I must admit when watching this, I had a sudden urge to utilize this in a plot line on "Downton Abbey" as a great family on a great estate discovers that they are destitute and must somehow plot to murder wealthy uncle Charles Coburn who had left England years before to move to America and is only now coming over for a visit. Family patriarch Nigel Patrick has it set up that he will accidentally shoot Coburn as he arrives, but ironically, it is a distant cousin that is killed instead. One by one the family with the exception of Coburn, Johnson and Patrick are all killed off, and that includes Patrick's irritating mother (Atheyne Seyler), unknowing wife (Wendy Hiller) and cousin Kenneth Fortescue who had intended to drowned his uncle yet fell in the water himself, only to die of pneumonia. A sweet bond is started between Coburn and innocent Johnson, another distant cousin who is considered the black sheep of the family simply because she seems so simple. As luck turns out, Coburn is accused of knocking off his family, thanks to the presence of Anthony Newley, boyfriend of one of Patrick and Hiller's daughters, seen taking notes at family functions as certain "hints" are dropped.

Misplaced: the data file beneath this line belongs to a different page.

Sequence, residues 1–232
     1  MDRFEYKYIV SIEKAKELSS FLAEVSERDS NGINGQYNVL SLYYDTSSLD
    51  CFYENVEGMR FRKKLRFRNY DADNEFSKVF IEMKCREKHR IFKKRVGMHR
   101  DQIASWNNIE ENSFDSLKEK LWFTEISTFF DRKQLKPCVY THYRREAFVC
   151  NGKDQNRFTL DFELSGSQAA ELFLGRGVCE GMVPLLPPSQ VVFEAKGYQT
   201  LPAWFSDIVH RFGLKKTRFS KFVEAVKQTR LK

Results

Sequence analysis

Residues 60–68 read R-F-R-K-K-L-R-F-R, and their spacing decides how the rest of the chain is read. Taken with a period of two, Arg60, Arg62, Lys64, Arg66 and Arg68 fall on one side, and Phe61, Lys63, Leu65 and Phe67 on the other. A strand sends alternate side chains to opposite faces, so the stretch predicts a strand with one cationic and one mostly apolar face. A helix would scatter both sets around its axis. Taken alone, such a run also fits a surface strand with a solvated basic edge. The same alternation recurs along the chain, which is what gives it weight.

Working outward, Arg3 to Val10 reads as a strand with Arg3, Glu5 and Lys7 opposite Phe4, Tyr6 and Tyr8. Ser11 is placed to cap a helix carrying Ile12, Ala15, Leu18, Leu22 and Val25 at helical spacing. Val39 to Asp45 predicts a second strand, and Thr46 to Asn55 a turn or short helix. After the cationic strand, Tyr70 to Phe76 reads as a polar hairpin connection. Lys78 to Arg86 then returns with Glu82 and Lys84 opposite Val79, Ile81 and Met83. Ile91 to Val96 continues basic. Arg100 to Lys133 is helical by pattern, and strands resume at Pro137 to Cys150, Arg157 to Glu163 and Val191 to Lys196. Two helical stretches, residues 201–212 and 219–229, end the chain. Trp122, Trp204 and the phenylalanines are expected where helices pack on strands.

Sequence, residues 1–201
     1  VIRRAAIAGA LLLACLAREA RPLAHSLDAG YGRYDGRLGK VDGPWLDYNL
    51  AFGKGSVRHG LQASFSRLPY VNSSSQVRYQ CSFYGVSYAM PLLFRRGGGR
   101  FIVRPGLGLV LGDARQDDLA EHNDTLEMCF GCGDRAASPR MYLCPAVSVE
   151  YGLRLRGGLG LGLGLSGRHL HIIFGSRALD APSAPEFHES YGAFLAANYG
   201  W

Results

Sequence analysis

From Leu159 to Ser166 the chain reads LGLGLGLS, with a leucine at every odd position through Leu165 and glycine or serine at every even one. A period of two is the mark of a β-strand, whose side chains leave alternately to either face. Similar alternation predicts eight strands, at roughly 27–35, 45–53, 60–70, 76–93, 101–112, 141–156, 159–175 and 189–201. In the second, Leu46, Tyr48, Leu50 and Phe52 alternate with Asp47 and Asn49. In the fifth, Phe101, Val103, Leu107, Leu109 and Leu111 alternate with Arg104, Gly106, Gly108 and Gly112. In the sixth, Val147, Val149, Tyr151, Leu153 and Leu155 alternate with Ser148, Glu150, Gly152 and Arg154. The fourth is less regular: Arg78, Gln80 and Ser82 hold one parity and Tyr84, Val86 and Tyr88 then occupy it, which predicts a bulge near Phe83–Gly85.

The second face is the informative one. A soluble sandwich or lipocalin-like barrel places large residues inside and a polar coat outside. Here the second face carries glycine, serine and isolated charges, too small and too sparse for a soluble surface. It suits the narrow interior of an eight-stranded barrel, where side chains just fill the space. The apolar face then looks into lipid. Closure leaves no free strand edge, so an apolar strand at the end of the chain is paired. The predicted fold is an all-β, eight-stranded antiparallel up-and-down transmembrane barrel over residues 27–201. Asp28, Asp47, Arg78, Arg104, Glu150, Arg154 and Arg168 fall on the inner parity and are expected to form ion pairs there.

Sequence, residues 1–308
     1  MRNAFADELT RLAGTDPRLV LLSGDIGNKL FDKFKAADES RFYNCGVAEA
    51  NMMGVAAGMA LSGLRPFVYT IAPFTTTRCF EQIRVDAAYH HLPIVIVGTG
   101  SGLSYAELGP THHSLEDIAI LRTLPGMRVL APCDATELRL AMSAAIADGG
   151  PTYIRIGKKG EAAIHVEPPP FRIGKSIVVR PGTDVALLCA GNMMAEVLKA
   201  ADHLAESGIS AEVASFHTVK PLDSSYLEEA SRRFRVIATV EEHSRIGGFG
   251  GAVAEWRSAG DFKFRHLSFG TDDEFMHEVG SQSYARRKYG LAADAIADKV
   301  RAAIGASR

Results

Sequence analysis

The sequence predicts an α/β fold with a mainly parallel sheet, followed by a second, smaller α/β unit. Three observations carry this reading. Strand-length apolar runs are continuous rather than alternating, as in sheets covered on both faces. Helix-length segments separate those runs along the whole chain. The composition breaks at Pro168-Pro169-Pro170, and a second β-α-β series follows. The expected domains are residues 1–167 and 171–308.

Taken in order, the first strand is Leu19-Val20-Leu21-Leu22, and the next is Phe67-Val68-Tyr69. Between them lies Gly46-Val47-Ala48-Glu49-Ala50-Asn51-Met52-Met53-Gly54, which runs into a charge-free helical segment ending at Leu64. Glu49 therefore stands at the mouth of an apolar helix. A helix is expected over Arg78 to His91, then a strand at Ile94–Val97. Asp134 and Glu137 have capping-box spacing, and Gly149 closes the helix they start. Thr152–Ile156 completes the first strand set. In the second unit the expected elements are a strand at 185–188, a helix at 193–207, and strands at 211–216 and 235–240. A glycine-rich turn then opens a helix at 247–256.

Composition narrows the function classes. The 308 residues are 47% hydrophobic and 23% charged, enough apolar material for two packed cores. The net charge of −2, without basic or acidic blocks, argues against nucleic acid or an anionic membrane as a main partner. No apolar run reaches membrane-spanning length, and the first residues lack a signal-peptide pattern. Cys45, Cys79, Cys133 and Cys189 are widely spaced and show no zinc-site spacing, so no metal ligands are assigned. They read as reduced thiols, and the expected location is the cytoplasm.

Deliciously droll in every way, this remains consistently funny in the way everybody is dispatched, along the lines of "Kind Hearts and Coronets", later musicalized for Broadway as "A Gentleman's Guide to Love and Murder". In spite of how close it seems to the Ealing comedies, it was independently made and released by Columbia, which is perhaps one reason why it is not known as well. This was one of the first major roles for a young Michael Caine, barely recognizable as a town local. Patrick underplays his role of the murderous nephew, a smart choice that would have been much broader had Alec Guennis played the role. In fact, Patrick plays the part without much guilt, as if his family duty called for those killed to be willing victims to the future of the family, and that is what makes this film all the more intelligent. The ghosts of the deceased make curtain call appearances, but there is delightfully sweet close-up of Coburn and Johnson as the film ends. This is a must for those who like intelligent comedy with a bit of naughtiness to it.
  • comment
    • Author: Rleillin